Now Sophie looked upset at the Baron and even disgusted, but she did not look intensely relieved at Octavian; she did not look at Graham as if Graham was (say) Colin Firth in P&P. The production was shy and thus the monstrous quality of the hard humor of Baron Ochs was lost. But I wondered if it was more than Schafer can or did not imagine sufficiently what how young girl brought up in an amoral and hypocritical environment would act. Here is a typical moment:

The title Strauss wanted to give this work was Baron Ochs, and Ochs is in all the acts; it is he who instigates the action. To his credit Sigmundsson did not do the part totally as a joke. He was willing to undergo the stigma the opera imposed on him, and I thought was applauded (even if not consciously) for his courage.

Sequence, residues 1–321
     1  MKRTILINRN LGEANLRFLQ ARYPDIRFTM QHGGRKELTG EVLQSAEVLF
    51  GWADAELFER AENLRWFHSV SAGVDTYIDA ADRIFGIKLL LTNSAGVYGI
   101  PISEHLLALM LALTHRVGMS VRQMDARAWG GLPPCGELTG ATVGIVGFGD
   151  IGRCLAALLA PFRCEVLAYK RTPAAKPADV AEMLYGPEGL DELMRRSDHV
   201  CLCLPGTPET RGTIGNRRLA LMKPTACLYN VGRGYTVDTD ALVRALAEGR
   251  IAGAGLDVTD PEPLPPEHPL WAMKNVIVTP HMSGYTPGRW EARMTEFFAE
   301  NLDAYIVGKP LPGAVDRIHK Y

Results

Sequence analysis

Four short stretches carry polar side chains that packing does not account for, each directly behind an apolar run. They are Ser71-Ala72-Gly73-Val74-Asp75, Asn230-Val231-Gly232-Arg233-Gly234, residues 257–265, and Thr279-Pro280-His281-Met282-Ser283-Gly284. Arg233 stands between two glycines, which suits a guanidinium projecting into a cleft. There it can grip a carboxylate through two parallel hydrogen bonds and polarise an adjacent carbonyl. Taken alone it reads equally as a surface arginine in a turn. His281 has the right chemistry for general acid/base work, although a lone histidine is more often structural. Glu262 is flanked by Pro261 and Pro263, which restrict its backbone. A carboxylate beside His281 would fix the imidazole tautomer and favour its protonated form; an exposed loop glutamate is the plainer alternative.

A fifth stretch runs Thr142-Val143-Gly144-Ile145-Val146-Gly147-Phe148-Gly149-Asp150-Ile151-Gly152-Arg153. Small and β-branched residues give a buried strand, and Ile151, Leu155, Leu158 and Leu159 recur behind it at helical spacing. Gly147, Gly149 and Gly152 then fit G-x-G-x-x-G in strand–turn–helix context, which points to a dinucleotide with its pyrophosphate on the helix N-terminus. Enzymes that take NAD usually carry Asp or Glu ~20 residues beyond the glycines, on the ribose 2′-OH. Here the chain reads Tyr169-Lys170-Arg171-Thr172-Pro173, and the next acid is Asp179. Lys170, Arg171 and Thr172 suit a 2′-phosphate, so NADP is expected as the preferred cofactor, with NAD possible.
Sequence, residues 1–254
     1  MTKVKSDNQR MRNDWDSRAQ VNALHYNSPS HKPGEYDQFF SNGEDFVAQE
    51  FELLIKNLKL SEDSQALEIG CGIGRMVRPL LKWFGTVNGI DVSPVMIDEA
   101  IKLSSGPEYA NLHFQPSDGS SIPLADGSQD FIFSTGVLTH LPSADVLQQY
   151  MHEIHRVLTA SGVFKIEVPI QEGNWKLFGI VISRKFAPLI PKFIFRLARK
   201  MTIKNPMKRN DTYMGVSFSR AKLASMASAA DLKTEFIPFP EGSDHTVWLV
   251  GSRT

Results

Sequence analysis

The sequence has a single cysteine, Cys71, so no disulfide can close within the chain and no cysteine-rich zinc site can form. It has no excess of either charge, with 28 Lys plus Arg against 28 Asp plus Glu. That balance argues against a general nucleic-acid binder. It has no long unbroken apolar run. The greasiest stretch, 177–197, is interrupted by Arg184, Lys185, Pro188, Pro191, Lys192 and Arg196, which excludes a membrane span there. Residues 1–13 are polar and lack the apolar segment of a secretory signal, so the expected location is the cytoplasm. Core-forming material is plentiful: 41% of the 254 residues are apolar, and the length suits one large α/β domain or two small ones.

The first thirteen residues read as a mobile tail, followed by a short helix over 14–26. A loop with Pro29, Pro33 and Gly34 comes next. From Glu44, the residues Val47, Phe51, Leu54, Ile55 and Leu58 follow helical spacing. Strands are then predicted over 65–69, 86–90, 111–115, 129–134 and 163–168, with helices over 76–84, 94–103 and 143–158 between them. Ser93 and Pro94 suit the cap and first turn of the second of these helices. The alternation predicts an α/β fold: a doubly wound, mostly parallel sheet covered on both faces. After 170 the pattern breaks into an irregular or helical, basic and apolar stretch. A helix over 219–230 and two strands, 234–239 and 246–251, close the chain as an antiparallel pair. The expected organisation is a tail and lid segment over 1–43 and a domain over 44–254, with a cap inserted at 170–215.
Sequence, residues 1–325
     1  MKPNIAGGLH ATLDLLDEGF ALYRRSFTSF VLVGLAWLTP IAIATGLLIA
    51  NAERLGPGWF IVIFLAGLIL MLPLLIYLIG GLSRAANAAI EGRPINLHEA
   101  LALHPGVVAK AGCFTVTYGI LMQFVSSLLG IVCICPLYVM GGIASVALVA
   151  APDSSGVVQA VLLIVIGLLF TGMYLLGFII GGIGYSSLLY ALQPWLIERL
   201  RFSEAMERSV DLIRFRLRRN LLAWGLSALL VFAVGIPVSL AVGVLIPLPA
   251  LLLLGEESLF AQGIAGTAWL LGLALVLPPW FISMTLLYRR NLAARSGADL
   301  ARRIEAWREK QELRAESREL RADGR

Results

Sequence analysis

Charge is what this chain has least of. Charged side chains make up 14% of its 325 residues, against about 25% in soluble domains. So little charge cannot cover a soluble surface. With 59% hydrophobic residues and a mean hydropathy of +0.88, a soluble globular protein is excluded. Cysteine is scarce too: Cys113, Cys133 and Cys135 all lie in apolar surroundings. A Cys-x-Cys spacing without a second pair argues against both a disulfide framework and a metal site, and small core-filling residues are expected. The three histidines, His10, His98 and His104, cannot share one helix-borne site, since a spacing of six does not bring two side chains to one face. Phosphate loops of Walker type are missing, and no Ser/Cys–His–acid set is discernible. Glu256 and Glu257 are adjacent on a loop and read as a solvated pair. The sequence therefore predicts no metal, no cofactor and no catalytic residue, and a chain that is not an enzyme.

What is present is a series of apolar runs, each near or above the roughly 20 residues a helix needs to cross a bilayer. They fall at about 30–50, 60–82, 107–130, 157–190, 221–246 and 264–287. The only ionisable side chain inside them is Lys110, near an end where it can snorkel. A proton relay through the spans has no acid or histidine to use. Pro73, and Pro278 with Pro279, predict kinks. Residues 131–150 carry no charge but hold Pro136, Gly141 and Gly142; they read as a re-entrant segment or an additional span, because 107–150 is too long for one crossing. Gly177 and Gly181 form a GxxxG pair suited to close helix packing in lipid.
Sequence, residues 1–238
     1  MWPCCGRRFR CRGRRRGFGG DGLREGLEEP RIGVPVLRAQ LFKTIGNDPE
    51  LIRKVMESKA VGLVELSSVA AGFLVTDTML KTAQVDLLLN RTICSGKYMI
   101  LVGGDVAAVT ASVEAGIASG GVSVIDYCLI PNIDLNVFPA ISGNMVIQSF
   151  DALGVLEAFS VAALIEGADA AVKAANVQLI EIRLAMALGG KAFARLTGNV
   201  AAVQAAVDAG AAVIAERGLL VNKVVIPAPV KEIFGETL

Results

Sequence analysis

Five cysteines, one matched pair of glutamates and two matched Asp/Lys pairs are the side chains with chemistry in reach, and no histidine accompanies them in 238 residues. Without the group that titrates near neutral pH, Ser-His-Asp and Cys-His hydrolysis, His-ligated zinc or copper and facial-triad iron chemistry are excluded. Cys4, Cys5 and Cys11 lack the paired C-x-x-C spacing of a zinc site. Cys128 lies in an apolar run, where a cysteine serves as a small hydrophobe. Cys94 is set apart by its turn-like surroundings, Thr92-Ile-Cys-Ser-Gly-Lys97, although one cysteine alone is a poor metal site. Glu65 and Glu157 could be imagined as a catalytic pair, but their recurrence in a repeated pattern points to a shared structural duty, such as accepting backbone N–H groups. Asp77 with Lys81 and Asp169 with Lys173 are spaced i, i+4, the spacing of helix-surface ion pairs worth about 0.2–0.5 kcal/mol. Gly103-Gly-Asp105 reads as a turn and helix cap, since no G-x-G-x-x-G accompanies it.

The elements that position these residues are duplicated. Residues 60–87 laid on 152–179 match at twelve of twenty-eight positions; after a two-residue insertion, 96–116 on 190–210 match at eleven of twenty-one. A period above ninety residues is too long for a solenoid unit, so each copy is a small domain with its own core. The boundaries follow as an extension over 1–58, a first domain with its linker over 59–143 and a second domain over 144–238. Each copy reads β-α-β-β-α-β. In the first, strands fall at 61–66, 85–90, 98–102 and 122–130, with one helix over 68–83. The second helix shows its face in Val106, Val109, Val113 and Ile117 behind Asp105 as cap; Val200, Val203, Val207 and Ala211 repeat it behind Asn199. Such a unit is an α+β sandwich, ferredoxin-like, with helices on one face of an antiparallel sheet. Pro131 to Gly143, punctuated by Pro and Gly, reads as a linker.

Fleming’s was paradoxically the most socially acceptable and she was brilliant at it; so too Ochs when on his own and not having to toy with women as women or women as young men. So we we are willing to watch older people being denied sex, either as a joke or serious loss. But not willing to watch the sexual appetite enacted for real in all its variety — and the production is clearly of for multi-orientation. Strauss was clearly centrally concerned with love and death — the Marshallin’s lines are about death. His Capriccio is set in the 18th century Ariadne auf Naxos the later 17th; it is typical of modern composers and film makers to turn back to the 18th century to delve sexual issues as their novels famously did; this was a franker age. Salome (the Bible by way of Oscar Wilde) shows his interest in death, insane jealousy in human existence.